What do you see as the next steps towards patient access for all people affected by a rare disease?
It’s fascinating, despite being rare it’s a large and heterogeneous area to work in - there are 300 million people worldwide living with a disease, and around 6,000 different rare diseases. So, within that there’s obviously a much smaller patient population for each disease, and for that there needs to be a lot more understanding around the area. I believe that to overcome these issues we need collaborative working between patient groups and clinicians from very early stages, and that bringing everybody together will really help drive things forward, and achieve access quicker than we are seeing today.

So, how can that collaborative working help bring the right treatments to market?
Nobody can do this on their own, we can only do it by working closely with other parties. Understanding the requirements of healthcare bodies, and the impact from a patient and a clinical point of view has to happen at a really early stage. Bringing people together helps enable them to develop what the outcomes will look like, and input these into trial design. It takes a long time to get a product to market, but there’s definitely a drive to bring people into the journey at a much earlier stage.

What more can organisations do, both internally and externally, to expedite access to rare disease drugs?
I believe that the reimbursement process needs to evolve and change, there’s obviously the upcoming NICE methods review as well as the ABPI’s work on rare disease, which Biogen is inputting to. We have a responsibility as an industry to come together and use our voice to drive the change that needs to be seen, to ensure that patients get access as quickly as possible. There’s a number of different industry bodies that could have a collective say, which in turn would result in a stronger voice.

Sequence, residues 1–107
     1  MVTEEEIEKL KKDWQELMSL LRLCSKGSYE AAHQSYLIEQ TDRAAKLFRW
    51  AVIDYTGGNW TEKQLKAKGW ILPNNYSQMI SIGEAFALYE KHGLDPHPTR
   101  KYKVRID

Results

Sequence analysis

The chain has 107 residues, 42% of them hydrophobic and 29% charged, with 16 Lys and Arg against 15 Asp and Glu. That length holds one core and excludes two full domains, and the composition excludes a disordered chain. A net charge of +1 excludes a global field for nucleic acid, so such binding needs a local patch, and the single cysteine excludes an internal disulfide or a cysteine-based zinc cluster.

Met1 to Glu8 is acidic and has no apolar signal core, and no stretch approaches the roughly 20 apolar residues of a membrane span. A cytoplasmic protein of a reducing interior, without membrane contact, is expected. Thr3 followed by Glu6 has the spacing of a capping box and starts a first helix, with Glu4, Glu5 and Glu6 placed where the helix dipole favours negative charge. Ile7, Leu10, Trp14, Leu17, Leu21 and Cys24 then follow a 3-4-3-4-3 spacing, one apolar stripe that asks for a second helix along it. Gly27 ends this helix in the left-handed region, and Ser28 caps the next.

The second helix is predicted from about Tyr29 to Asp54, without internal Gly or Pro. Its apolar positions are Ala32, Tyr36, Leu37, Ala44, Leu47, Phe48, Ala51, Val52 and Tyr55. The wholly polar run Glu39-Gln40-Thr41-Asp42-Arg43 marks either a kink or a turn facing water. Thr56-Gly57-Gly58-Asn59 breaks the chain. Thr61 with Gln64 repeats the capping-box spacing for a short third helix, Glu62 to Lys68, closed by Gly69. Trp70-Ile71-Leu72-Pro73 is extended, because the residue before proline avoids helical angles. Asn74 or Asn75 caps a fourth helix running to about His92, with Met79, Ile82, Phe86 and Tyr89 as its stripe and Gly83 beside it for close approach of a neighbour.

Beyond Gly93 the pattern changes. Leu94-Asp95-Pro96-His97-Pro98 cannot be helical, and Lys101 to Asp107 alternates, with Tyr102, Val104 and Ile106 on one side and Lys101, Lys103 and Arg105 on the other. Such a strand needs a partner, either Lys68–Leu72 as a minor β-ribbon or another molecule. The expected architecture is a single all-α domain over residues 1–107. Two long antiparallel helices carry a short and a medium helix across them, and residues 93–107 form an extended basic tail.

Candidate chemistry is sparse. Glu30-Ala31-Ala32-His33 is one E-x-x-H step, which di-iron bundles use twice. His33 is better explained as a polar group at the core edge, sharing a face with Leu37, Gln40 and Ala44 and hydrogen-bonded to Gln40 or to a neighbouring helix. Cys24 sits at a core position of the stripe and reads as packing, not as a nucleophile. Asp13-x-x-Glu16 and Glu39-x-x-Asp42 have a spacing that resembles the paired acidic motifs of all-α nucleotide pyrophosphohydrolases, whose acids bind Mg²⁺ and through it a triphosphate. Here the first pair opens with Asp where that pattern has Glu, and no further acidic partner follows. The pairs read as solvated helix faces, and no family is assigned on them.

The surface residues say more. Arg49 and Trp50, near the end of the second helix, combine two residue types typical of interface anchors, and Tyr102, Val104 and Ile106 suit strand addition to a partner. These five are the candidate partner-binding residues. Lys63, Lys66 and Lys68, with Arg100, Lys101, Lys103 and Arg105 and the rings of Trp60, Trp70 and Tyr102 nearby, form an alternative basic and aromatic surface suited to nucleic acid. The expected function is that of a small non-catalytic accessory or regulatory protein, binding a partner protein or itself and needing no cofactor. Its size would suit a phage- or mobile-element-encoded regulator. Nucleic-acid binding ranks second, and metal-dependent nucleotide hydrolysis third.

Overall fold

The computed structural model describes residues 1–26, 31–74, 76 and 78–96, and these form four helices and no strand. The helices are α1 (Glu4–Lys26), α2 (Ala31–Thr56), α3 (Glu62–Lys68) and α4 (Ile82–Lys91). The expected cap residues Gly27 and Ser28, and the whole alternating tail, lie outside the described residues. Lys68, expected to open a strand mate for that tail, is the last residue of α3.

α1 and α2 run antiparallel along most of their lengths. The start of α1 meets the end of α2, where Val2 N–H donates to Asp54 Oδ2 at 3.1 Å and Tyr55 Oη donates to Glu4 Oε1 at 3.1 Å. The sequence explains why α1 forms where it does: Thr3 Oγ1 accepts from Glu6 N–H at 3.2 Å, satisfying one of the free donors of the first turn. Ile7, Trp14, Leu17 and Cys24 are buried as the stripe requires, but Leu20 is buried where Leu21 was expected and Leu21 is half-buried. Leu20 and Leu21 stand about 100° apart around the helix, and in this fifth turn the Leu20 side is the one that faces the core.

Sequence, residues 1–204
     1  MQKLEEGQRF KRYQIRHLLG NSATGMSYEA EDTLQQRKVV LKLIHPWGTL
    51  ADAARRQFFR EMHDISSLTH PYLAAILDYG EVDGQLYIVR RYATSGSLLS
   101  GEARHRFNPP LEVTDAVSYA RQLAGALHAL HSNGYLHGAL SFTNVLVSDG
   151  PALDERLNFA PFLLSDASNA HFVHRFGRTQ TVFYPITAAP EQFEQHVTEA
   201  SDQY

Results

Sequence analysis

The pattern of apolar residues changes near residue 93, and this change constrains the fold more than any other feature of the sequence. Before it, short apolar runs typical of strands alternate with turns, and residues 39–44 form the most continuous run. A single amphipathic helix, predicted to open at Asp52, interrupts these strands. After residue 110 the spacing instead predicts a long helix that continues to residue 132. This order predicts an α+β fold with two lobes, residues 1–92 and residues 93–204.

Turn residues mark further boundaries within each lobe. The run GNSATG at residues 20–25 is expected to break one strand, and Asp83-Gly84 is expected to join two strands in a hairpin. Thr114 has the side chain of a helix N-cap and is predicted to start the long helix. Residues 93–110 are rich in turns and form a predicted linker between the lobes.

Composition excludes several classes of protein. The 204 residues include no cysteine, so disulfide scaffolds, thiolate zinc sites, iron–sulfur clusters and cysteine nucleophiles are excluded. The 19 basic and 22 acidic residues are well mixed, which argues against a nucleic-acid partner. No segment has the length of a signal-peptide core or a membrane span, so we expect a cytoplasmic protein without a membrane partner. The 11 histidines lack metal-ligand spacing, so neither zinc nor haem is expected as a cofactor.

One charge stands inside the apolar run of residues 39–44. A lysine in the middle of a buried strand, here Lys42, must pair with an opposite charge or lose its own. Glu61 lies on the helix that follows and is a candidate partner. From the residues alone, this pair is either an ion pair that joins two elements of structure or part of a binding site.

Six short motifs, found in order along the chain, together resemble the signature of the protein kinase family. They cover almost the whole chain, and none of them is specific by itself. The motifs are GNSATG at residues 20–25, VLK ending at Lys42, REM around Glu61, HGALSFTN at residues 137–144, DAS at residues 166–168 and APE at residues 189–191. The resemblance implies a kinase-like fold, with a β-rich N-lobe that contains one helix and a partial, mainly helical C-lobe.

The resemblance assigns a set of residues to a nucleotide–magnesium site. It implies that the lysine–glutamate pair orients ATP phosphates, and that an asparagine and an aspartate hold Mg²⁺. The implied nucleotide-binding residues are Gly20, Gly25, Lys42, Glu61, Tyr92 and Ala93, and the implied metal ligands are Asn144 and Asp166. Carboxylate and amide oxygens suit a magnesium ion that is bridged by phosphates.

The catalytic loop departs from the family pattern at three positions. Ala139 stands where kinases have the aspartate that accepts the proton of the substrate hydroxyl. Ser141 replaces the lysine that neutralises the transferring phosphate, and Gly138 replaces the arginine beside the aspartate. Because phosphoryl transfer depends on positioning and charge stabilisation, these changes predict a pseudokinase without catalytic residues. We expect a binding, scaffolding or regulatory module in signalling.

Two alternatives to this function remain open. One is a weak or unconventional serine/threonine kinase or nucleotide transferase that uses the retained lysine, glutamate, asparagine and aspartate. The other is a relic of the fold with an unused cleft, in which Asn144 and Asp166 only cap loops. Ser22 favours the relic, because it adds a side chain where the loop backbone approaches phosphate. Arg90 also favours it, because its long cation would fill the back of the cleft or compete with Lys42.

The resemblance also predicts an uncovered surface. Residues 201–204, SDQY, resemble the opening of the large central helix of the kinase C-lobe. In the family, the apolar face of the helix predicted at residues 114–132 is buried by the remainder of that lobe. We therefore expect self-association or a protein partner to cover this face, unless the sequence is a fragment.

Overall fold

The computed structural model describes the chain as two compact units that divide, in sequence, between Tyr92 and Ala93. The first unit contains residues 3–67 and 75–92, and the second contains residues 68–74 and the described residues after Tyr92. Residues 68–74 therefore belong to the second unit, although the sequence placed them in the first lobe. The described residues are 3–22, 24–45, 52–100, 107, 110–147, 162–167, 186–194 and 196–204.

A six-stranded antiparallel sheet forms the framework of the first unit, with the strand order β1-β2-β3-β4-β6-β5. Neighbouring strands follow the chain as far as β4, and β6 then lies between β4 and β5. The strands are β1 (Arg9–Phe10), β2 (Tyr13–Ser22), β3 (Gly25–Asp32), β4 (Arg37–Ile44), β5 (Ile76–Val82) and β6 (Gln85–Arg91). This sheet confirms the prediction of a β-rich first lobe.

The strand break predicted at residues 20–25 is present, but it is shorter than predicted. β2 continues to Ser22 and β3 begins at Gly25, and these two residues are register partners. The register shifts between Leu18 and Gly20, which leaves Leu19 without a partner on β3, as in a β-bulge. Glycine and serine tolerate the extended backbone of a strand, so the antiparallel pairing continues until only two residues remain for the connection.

How can rare disease trial design be optimised to counteract low patient enrolment?
t comes back to collaboration - bringing people in at the early stages and ensuring that the patient has the voice. Whether it’s through an advocacy group or through clinical input, we need to ensure that at the early stages more people get in on the journey and actually enrol on the clinical trials.

What are your goals for the future?
This is both personal and work related, because working in this field gets under your skin - we’re lucky to be working in this area because of the potential with the high unmet medical need, and everyone you meet genuinely wants to make a difference. I’d say my goal for the future is to ensure that we all work together within both Biogen and the industry to keep driving change to help increase patient access to rare disease medicine.

What keeps you awake at night?
Apart from my children, it’s the fact that the job is not yet done. It’s been a fascinating few years and we’ve learnt a lot, but by no means do I feel the job is done. We still have an awful lot to do to ensure that we play our part so that patients get access to treatment as quickly as possible. That’s the centre of everything we do at Biogen – our mission is to become pioneers in neuroscience. That’s what keeps me here - that drive to ensure that we’re doing the right thing for patients.

If you could invite anyone (alive or dead) over for dinner, who would it be?

For me it’s a tough call between Ayrton Senna and Jackie Stewart - I love cars and I would love to sit down and talk to some world champions!